If students from a totalitarian nation were secretly transported to a Canadian classroom to continue their lessons with new teachers and a new curriculum, would they be able to tell the difference? I do not ask this question facetiously. It seems plausible that a good lesson in multiplication, chemistry, or a foreign language might seem equally at home in many parts of the world. The children in your local school probably learn how to read and write, just like students do in, say, North Korea or China. Students in your local school might learn to add numbers, do fractions, and solve algebraic equations. But that’s what students in Uzbekistan learn too. Maybe students in your local school learn not to hit one another, to follow the rules, and not to break any laws. They might sing the national anthem and learn about asteroids and the life cycle of the glowworm. I know of schools in Eritrea and Belarus that do those things too. So what would be different about teaching and learning in a Canadian school than in the schools of a country governed by a one-ruling-party dictatorship?
Do students in democratic countries like Canada learn how to participate in public decision making? Are they taught to see themselves as individual actors who work in concert with others to create a better society? Are they taught the skills they need to think for themselves and to govern collectively? Most of us would like to believe that they do. We expect that schools in Canada teach students the skills and dispositions needed to evaluate for themselves the benefits and drawbacks of particular policies and government practices. Democratic citizens should be committed to the people, principles, and values that underlie democracy—such as political participation, free speech, civil liberties, and social equality.
Yet, teaching and learning do not always conform to democratic goals and ideals. Research colleagues and I have conducted over the past decade reveals a clear and troubling trend: much of current education reform is limiting the ways teachers can develop the kinds of attitudes, skills, knowledge, and habits necessary for a democratic society to flourish. In fact, the goals of K-12 education have been shifting steadily away from preparing active and engaged public citizens and towards more narrow goals of career preparation and individual economic gain. Pressures from parents, school boards, and a broad cultural shift in educational priorities have resulted in schools across North America being seen primarily as conduits for individual success, and, increasingly, lessons aimed at exploring democratic responsibilities have been crowded out.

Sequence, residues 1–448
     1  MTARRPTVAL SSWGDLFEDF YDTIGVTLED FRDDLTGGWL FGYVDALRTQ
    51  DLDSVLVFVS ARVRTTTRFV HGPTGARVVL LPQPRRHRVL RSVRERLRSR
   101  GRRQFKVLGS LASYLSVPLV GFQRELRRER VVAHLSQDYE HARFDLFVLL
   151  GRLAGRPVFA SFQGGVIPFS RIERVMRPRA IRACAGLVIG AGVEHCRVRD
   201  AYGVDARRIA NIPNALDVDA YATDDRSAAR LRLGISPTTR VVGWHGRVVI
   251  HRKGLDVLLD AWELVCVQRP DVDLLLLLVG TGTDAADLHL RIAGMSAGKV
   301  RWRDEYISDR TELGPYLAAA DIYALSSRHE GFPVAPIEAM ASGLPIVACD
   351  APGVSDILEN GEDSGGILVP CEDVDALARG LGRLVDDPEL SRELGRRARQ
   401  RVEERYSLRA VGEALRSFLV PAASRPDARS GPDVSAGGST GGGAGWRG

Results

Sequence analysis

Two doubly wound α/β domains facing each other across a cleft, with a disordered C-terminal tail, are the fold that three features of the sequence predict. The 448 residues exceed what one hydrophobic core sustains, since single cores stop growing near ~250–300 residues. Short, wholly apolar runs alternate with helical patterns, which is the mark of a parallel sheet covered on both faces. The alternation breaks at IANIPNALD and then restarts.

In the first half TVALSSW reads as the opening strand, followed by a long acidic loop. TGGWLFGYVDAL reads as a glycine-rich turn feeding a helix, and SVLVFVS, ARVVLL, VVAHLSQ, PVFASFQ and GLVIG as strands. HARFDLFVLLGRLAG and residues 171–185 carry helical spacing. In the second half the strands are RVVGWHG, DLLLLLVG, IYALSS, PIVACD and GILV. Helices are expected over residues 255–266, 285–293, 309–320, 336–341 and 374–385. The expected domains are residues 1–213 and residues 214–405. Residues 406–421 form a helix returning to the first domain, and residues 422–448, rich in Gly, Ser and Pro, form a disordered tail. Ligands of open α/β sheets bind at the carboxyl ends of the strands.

In many boards and provinces, ever more narrow curriculum frameworks emphasize preparing students for standardized assessments in math and literacy at the same time that they shortchange the social studies, history, and citizenship education. Moreover, there is a “democratic divide” in which higher achieving students, generally from wealthier neighborhoods, are receiving a disproportionate share of the kinds of citizenship education that sharpen students’ thinking about issues of public debate and concern. Curricular approaches that spoon-feed students to succeed on narrow academic tests teach students that broader critical thinking is optional. The last decade of school reform has seen education policy makers engaged in a myopic drive to make students better test-takers, rather than better citizens. A large number of public school teachers are reporting that disciplines such as science, social studies, and art are crowded out of the school day as a direct result of state testing policies.
As bad as that sounds, omitting lessons that might develop critical thinking skills is still different from forbidding them. Yet a number of examples of misguided education policy seek to do exactly that. Almost a decade ago, Florida passed a stunning piece of legislation that served as a clarion warning call to educators. The 2006 Florida Education Omnibus Bill included language specifying that “the history of the United States shall be taught as genuine history … American history shall be viewed as factual, not as constructed, shall be viewed as knowable, teachable, and testable.” For example, the bill requires that only facts be taught when it comes to discussing the “period of discovery” and the early colonies. Florida thus became the first state or province I know of to ban historical interpretation in public schools, thereby effectively outlawing critical thinking.
More recently, in fall 2014, more than a 1,000 Jefferson County, Colorado, high school students and hundreds of teachers walked out of classes to protest the school board’s efforts to promote “positive” American history and downplay the legacy of civil disobedience and protest. The protests came in the wake of a proposal by the school board to make changes to the Advanced Placement (AP) history curriculum. AP history, the board suggested “should promote citizenship, patriotism, essentials and benefits of the free enterprise system, respect for authority and respect for individual rights. Materials should not encourage or condone civil disorder, social strife or disregard for the law.” One Jefferson County teacher characterized the board’s proposal as “an attack on teachers and public education” while a high school senior vowed: “If they don’t teach us civil disobedience, we will teach ourselves.”
In Canada, too many schools have become oriented toward pedagogical models of efficiency that discourage deeper consideration of important ideas. The relentless focus on testing and “achievement” means that time for in-depth critical analysis of ideas is diminished. Current school reform policies and many classroom practices too often reduce teaching and learning to exactly the kind of mindless rule-following that makes students unable to take principled stands that have long been associated with democracies. Students are learning more about how to please authority and pass the tests than how to develop convictions and stand up for them.